A recent paper published in Science Robotics featured the revolutionary work from the Cohen, McEuen, Muller, and Arias labs. Learn more in this Cornell Chronicle summary. Read more about Self-folding nanotech creates world’s smallest origami bird
AEP Graduate Student Kayla Nguyen awarded $15,000 “Use it!” Lemelson-MIT Prize
Kayla Nguyen '18 was awarded the $15,000 “Use it!” Lemelson-MIT Student Prize Graduate Winner for developing the Electron Microscope Pixel Array Detector (EMPAD) and Low-Cost airSTEM.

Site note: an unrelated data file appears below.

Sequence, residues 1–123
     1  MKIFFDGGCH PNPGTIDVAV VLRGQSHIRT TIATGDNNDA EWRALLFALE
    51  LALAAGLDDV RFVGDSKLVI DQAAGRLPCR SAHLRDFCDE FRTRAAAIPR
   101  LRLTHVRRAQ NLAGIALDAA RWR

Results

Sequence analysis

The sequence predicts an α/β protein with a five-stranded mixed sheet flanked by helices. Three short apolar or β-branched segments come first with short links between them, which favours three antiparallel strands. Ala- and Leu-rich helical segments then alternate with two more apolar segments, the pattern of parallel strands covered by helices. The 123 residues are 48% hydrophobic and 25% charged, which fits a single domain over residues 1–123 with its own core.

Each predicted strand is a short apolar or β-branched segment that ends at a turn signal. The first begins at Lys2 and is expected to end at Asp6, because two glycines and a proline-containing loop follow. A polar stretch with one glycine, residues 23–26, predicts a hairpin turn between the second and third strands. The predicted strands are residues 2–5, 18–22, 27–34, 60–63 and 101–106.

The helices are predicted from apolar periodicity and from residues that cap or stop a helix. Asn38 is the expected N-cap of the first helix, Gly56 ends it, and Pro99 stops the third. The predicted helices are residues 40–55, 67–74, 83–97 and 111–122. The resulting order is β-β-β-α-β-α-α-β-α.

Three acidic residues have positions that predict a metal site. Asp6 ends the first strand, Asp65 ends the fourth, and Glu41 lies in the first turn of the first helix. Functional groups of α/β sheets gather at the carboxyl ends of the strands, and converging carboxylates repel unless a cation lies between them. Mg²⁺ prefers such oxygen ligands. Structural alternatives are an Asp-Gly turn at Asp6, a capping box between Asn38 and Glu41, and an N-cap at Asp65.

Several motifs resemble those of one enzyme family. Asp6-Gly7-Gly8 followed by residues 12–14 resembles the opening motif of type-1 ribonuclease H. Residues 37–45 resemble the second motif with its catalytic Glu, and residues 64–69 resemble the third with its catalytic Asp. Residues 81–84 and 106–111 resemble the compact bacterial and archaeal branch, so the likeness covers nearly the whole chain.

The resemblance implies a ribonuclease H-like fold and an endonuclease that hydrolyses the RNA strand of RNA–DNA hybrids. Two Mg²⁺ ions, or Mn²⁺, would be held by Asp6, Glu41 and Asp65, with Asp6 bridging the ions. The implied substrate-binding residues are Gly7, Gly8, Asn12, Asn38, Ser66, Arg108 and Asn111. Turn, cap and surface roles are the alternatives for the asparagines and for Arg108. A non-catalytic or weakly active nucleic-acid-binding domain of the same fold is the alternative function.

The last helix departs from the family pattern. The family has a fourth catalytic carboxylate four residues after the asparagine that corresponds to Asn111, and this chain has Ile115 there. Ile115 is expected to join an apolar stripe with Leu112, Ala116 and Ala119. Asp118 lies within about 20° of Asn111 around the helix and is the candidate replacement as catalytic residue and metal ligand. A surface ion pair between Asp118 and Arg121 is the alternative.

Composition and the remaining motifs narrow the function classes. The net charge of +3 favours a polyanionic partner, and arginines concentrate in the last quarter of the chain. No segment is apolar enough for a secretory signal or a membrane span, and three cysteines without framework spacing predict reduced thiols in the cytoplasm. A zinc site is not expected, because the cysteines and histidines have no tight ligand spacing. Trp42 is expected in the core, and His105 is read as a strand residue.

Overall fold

Kayla Nguyen, '18 was awarded the $15,000 2018 “Use it!” Lemelson-MIT Student Prize for her inventive work in helping to develop new electron microscopy techniques. She developed software, tested and demonstrated a new type of scanning transmission electron microscope (STEM) camera, called an Electron Microscope Pixel Array Detector (EMPAD). The EMPAD camera sensor was based on x-ray detector technology pioneered by the Gruner research group in the Physics department. The Muller and Gruner research groups collaborated to adapt the technology for use on an electron microscope. For this project, Kayla also used an airSTEM, a high-performance and low-cost STEM that allows specimens to be examined in air, rather than in the vacuum of the STEM.